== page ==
Set # Protocol Weight (lbs)
1 15 seconds = 30 reps high speed 45
2 30 seconds = 60 reps high speed 45
3 15 reps /2 seconds each way 50
4 10 reps /2 seconds each way 60
5 45 seconds = 70 reps high speed 45
6 60 seconds= 100 reps high speed 45
05-11-2008 03:02 AM
sounds like decent advise.
I also had luck...no cure...but luck with doing my own physical therapy on my arm. Wrist curls, wrist extensions and ulnar/radial deviation. Which if you can think of a holding a hammer in your hand and with your arm on your leg, rotating the hammer from one side of your leg to the other.
It's late at night, so if that makes absolutely no sense let me know and I'll find a pic.
I also found running did a lot of good for mine. The blood flow to the tendons in the elbow are low so anytime you can get the area warmed up and working it will increase the blood flow. Plus there isn't a load while running.
My best advise...find what works best for you and stick with it.
05-11-2008 12:05 PM
Funny, but the guy who provided my ART therapy recommended doing the ulnar/radial deviation with a hammer. I actually have done that and have found that more beneficial than the normally recommended wrist curls/extensions. Weird, but helpful.
Originally Posted by firefighter2032
05-17-2008 09:53 AM
sub'd..... I feel your pain!!
05-17-2008 08:49 PM
[QUOTE=glipp;1348559]Just to check back in on this thread, thanks for the replies everyone. Thought I would share an article that I found helpful and I will be incorporating into my training. Still trying to get a handle on exactly how I will use it ie: which exercises, etc. Sorry for the length of the article. Anyway here it is:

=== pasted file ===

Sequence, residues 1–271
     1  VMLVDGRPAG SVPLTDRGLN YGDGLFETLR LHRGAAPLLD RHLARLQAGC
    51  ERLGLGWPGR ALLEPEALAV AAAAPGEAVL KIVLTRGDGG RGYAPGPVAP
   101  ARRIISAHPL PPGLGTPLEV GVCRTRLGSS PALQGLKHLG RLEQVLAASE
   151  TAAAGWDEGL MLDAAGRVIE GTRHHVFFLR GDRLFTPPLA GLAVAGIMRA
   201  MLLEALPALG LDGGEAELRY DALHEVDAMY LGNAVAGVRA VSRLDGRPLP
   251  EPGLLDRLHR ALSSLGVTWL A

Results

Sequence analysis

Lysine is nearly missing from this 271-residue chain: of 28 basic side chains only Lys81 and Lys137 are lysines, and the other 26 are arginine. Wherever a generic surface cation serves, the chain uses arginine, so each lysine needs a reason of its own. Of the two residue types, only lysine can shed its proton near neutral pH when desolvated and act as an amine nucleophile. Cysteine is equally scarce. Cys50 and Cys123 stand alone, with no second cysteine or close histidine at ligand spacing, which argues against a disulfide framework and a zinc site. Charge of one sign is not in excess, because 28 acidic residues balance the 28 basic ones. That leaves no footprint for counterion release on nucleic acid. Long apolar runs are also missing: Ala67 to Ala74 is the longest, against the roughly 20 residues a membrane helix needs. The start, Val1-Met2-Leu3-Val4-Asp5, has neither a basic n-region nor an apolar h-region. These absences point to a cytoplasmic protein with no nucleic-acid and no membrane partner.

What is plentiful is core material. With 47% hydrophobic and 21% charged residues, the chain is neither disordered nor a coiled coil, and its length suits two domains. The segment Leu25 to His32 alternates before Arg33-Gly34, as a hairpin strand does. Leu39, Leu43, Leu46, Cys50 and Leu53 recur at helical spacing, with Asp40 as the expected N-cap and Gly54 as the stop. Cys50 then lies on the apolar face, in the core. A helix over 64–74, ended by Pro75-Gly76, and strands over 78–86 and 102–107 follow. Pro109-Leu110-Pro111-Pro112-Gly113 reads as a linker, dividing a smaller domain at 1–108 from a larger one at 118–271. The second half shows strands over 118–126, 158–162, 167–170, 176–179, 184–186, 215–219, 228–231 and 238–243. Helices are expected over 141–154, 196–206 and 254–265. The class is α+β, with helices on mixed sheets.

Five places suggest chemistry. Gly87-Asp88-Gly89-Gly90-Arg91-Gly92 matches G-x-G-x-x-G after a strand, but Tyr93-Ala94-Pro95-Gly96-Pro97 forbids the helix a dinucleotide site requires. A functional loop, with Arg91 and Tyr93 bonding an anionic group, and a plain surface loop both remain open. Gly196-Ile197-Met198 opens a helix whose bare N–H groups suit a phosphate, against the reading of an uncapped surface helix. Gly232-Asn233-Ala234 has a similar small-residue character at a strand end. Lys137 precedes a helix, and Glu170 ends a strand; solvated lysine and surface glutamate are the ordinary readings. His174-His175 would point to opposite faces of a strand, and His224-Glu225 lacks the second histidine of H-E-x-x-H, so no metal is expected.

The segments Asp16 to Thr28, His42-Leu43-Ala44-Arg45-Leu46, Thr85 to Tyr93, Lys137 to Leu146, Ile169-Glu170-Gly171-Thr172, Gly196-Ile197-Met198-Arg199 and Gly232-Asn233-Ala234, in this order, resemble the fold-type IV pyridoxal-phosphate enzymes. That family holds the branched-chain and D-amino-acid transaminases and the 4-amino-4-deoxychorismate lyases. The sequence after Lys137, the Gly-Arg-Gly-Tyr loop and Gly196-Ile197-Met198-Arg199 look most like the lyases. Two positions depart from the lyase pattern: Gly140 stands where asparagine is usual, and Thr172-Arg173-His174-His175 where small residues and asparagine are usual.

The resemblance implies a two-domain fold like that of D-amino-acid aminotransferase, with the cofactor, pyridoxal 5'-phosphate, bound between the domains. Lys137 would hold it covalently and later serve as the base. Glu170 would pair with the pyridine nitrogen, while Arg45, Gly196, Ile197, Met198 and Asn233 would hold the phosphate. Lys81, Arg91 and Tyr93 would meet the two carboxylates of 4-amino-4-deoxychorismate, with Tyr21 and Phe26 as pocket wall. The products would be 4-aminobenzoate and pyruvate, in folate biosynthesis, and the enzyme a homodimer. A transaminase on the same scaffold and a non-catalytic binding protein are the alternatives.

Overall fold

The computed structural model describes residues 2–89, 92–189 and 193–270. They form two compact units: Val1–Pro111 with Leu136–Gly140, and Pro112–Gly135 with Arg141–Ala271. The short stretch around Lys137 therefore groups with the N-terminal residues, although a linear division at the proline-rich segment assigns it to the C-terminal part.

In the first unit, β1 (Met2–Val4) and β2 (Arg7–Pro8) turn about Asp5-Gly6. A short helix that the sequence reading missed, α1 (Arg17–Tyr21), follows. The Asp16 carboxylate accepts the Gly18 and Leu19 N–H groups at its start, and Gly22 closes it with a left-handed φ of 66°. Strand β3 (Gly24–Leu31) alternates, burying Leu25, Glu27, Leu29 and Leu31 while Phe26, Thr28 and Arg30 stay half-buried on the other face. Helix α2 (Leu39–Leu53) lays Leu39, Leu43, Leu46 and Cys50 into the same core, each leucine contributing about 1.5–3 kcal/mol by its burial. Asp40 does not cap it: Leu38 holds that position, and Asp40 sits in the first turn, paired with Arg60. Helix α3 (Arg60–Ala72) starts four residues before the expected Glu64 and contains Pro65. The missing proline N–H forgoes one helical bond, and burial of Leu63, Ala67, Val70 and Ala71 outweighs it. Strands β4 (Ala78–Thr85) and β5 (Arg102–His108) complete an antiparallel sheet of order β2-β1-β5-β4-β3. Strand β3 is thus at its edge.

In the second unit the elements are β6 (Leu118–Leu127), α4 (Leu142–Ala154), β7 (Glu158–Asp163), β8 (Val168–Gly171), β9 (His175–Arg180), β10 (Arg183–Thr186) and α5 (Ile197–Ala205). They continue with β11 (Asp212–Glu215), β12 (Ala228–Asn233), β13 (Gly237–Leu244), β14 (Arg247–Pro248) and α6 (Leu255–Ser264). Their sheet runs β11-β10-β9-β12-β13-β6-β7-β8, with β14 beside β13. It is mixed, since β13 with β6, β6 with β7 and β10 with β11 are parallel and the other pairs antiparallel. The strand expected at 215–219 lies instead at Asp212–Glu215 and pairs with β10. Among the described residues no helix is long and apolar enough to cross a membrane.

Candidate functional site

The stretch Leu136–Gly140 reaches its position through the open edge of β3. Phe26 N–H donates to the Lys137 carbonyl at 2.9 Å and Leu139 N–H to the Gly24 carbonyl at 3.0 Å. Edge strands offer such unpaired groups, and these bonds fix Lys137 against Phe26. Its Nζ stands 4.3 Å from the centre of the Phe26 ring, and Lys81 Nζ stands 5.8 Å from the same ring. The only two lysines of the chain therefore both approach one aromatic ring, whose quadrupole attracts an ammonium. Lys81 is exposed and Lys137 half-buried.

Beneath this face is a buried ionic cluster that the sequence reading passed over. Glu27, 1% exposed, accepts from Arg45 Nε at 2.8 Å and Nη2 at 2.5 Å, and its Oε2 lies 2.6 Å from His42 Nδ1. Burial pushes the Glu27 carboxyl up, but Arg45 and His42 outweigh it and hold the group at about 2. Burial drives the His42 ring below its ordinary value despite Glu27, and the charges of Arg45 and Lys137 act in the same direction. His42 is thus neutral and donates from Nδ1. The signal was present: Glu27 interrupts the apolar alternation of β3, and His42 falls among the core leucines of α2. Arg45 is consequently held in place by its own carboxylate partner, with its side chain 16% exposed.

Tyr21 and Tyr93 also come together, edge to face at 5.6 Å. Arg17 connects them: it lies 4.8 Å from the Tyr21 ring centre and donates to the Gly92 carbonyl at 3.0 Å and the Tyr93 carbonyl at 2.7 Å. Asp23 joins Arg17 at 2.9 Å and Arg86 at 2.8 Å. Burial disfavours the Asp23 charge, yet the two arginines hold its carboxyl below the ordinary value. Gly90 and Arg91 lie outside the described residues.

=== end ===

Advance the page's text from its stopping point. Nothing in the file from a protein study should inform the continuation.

This is very similar to the info I read and followed. It worked very well and after a few months I had no pain at all. The Idea behind the Hammer is to work the fast twitch muscles in the forearm. I do the same type of movement with light dumbbells. Good luck man, hope it gets better soon.
05-22-2008 09:38 PM
Last year I stopped a pretty good lifting session due to a possible torn bicep...finally went for an MRI after both arms started to hurt. The left had pain really bad that actually started radiating up my arm and started to burn. All of my online research led me to believe that at least my left was partially torn. I have had "golfer's" elbow for over ten years...never golfed..but I found that reverse curls helped...so in my infinite wisdom, I took some Anti-Inflams, and curled the hell out of my arms...got worse..
So...end of story...I supposedly have tendonitis in both arms..worse than before..
Like Firefighter described above...part of my therapy involves rotating a dumbbell, held on the end, with my arm on a bench..so that the wrist hangs over the edge...if that makes sense. I use a 5 pound weight with (two) 1 1/4 plate mate magnets on the top end of that dumbbell, as I was too lazy to look for a proper sized weight. This particular therapy has worked well, and I'm back in the gym (basement) for almost 3 months, without flareup...and no NSAID's.
The "prolotherapy" tab is coming up...
11-17-2008 11:33 PM